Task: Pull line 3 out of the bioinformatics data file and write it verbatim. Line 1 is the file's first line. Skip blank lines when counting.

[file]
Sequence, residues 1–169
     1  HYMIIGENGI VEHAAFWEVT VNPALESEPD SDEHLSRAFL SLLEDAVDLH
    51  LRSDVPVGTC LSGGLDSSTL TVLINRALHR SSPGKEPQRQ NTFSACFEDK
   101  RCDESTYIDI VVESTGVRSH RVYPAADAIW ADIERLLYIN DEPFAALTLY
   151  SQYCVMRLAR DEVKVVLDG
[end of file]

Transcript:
    51  LRSDVPVGTC LSGGLDSSTL TVLINRALHR SSPGKEPQRQ NTFSACFEDK